Using cannabis can come with risks, especially for people who are under 25, use often, or use high levels of THC. These tips can help you make a responsible choice that considers your mental health, physical health, and safety.
Have more cannabis free days
What to know: Using cannabis every day or a few times a week can increase the risk of negative effects to your mind and body.
How to reduce your risk: Limit your cannabis use to one day a week, at most.
Go easy on your lungs
What to know: Cannabis smoke has many of the same chemicals as tobacco smoke.
How to reduce your risk: Instead of smoking, use a different method like vaping or edibles, but be aware that these may have their own risks. If you want to smoke, take short shallow breaths and exhale right away. It only takes a few seconds for the THC to be absorbed through your lungs so you will still get high without holding the smoke in your lungs.
Pace yourself. Start low. Go slow.
What to know: Different strains of cannabis and the way you use it can have different effects. Synthetic cannabis, like K2 and Spice, are stronger and more dangerous than natural cannabis products. Using these can lead to severe health problems, such as seizures, irregular heartbeat, hallucinations and, in rare cases, death.
How to reduce your risk: Start with a small amount, especially if it is your first time, and wait 30 minutes or more to feel the effects before deciding if you want to have more. Consider using products with low THC and some CBD. You can know how much THC and CBD is in your cannabis by reading the label on the package. If you are sharing with a friend, ask them how much THC is in their cannabis. Don’t use synthetic cannabis products.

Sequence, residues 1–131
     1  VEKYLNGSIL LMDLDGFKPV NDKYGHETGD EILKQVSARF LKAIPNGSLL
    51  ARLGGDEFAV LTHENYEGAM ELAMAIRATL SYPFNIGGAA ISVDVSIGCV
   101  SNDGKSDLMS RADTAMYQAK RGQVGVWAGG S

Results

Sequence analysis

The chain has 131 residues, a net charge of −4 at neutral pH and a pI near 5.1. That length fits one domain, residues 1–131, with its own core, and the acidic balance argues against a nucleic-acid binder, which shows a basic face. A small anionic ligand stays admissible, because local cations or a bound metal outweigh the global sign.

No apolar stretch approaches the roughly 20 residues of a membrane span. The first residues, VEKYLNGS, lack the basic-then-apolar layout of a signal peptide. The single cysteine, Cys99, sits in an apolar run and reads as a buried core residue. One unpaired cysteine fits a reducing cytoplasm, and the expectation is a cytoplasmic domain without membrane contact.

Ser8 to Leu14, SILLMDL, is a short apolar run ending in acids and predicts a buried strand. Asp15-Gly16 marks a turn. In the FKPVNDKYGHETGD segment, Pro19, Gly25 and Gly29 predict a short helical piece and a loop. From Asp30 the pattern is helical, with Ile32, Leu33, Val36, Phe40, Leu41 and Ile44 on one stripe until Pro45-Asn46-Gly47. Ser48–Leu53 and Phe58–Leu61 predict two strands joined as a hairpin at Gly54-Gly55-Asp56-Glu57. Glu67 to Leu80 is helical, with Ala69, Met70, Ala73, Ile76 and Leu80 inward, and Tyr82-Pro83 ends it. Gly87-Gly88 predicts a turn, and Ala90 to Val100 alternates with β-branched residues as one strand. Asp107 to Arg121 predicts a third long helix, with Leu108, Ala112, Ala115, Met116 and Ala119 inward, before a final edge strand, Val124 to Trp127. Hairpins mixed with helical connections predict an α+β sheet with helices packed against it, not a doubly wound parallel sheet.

Stick to one drug at a time.
What to know: Alcohol and cannabis cause impairment. Using more than one drug at a time can lead to unpredictable changes in how you think, feel and act, which can increase your risk of injury.
How to reduce your risk: Avoid using cannabis with alcohol or other drugs at the same time.
Leave tobacco out of the mix.
What to know: Tobacco is harmful to your health and contains nicotine that is highly addictive. Nicotine can make it hard to cut down or quit. Smoking cannabis with tobacco means you are getting the chemicals from the smoke and are at risk of becoming addicted to tobacco.
How to reduce your risk: If you choose to smoke, don’t mix cannabis with tobacco. If you are using with friends, make sure you ask if they added tobacco.
Share with care.
What to know: When you share your joint, bong, vaporizer or whatever else you use, you may also be sharing germs and infections from your mouth and saliva with each other.
How to reduce your risk: Try to avoid sharing with other people.
Plan a safe ride.
What to know: Cannabis impairs the skills everyone needs to drive safely. The effects can last six to 12 hours and could be longer depending on the person and the product used.
How to reduce your risk: If you are planning to use cannabis, plan a safe ride with a sober friend, use public transit, or call a taxi.
Individuals 19 years and older can buy and use cannabis legally. There are restrictions on where you can use, how much you can have in public and grow at home, and restrictions on driving after consuming cannabis.